I start this letter on the third day of Alexander’s journey down the Hydaspes River. I don’t suppose it is really a laughing matter but I could not help but smile when I read how, whenever the opportunity arose, he stopped to make war on the native tribes. It is a wonder Alexander ever made it to the end of the Hydaspes let alone to Babylon!
The real reason for my smile, though, is because the king’s actions reminded me of an anecdote I once read concerning my favourite author (apart from you), J. R. R. Tolkien. He went on a walk with his friend C. S. Lewis. Whereas Lewis liked to keep a good pace, however, Tolkien was equally fond of stopping at every opportunity to examine the local flora. He loved his flowers and trees as much as Alexander loved to fight. If I listen carefully, maybe I can hear CSL’s and the Macedonian soldiers sighs still echoing upon the breeze*!
On the fifth day of their journey, the Macedonian fleet reached the fast flowing junction of the Hydaspes and Acesines rivers. You state that the clashing water made ‘such an appalling shindy that the men at the oars stopped rowing in sheer panic’. Leaving aside your translator’s use of the very old-fashioned word ‘shindy’, this passage convinces me that we are never closer and yet further away from the ancient mind as in the encounter with natural phenomena.
Close because 1900 years after your time we still do not full understand Nature in all her manifestations, and what we do not understand we will always find easy to fear. Far because what they feared was simply a noisy river; the Macedonians knew it was coming and – after all – these men had been through the fiercest battles. How could a river so affect them?! The answer lies, I think, in the fact that their worldview was radically different to ours.
If I may, I would now like to leave the Hydaspes and Acesines behind and focus on three occurrences that took place during Alexander’s Mallian campaign, all of which which tell me something very unsatisfactory about his character (at this time?).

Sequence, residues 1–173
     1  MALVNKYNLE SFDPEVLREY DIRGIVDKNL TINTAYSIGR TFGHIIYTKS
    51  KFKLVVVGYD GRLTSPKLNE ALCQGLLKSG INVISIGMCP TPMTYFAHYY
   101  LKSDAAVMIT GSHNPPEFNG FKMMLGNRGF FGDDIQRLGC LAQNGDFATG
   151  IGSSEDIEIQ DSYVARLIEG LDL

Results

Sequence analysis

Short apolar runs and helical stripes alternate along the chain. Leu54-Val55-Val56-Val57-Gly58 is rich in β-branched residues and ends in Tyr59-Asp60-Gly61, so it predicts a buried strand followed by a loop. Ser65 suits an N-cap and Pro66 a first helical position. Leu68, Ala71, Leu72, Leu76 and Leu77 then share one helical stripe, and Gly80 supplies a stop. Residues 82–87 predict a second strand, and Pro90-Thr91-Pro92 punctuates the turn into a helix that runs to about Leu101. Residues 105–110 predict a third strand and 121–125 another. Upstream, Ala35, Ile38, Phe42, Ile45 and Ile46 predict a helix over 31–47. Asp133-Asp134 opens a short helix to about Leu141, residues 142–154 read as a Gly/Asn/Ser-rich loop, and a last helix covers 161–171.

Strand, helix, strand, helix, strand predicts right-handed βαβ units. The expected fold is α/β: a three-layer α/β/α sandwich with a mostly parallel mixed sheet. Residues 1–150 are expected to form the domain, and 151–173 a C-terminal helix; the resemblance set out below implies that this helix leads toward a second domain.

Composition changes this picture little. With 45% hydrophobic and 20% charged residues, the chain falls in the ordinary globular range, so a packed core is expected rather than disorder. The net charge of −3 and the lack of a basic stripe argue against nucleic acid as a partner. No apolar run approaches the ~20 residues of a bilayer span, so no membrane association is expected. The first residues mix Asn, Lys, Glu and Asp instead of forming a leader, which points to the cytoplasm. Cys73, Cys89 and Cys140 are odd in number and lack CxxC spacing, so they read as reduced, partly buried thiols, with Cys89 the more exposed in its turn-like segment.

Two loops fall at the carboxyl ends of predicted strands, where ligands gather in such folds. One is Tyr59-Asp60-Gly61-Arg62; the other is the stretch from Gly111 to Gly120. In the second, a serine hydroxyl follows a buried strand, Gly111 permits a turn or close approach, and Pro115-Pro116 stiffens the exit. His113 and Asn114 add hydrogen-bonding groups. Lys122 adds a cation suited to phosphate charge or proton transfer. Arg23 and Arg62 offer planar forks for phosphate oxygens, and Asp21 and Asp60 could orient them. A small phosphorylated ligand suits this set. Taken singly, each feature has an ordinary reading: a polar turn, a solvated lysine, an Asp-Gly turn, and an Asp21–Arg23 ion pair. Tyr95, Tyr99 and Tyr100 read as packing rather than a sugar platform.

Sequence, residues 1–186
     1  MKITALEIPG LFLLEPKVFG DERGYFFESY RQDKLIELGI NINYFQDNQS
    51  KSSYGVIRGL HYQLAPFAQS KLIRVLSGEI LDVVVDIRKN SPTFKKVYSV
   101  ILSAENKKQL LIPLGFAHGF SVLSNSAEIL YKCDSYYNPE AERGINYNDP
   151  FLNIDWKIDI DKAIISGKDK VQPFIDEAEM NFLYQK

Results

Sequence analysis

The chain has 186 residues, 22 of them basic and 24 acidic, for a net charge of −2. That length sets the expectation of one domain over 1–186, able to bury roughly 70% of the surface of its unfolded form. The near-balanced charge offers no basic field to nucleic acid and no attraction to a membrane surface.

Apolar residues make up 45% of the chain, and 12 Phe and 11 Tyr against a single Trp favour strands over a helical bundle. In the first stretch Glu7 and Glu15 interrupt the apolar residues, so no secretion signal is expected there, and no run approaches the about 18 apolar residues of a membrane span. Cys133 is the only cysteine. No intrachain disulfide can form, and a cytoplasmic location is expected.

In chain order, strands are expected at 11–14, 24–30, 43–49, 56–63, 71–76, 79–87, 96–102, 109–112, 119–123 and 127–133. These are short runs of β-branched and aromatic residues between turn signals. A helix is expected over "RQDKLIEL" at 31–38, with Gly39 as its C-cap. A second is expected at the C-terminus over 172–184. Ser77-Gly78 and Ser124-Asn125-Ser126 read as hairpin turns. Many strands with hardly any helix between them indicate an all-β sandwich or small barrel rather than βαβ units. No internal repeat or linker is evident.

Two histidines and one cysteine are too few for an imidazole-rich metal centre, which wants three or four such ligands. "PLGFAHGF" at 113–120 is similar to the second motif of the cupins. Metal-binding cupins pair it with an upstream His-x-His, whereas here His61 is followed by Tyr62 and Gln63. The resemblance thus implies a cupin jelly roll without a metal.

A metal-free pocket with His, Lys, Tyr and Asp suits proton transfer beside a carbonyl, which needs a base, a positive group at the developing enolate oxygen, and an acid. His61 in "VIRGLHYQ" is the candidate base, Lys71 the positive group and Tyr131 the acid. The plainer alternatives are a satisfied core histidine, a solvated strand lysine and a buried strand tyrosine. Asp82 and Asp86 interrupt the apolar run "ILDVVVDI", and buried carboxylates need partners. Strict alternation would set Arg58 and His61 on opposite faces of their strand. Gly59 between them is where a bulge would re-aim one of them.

- After breaching the defences of a town, Alexander entered the gap ahead of his men, he ‘stood there alone, a conspicuous figure, holding the breach’
- Upon chasing Mallians into the Hydraotes river, Alexander ‘plunged’ into the river while his cavalry was still unformed and his infantry had not yet caught up with him.
- Impatient with the progress of a siege, Alexander ‘snatched’ a ladder, climbed it, and jumped into a Mallian fort to take the fight to the Indians by himself.
As much as I love Alexander I cannot help but regard these as irresponsible actions for that they put him in needless danger. It would be tempting to suggest that Alexander had a death wish, perhaps born of anger after having to turn back for home, but I don’t think this is correct. He wanted glory – to achieve something that would, as you say a little further on, ‘live on the lips of men’. With this mindset, I imagine that from Alexander’s point-of-view bravery and foolhardiness were one in the pursuit of glory.
My friend, it has been good writing to you. I look forward to continuing your narrative.
The above picture is from Ancient History
* Dear Reader, I would be doing you an injustice if I did not add that it has been a long time since I read this anecdote. While I am certain I have got the essentials of it correct, please forgive me if I have got any details wrong. Feel free to leave a correction in the comments box.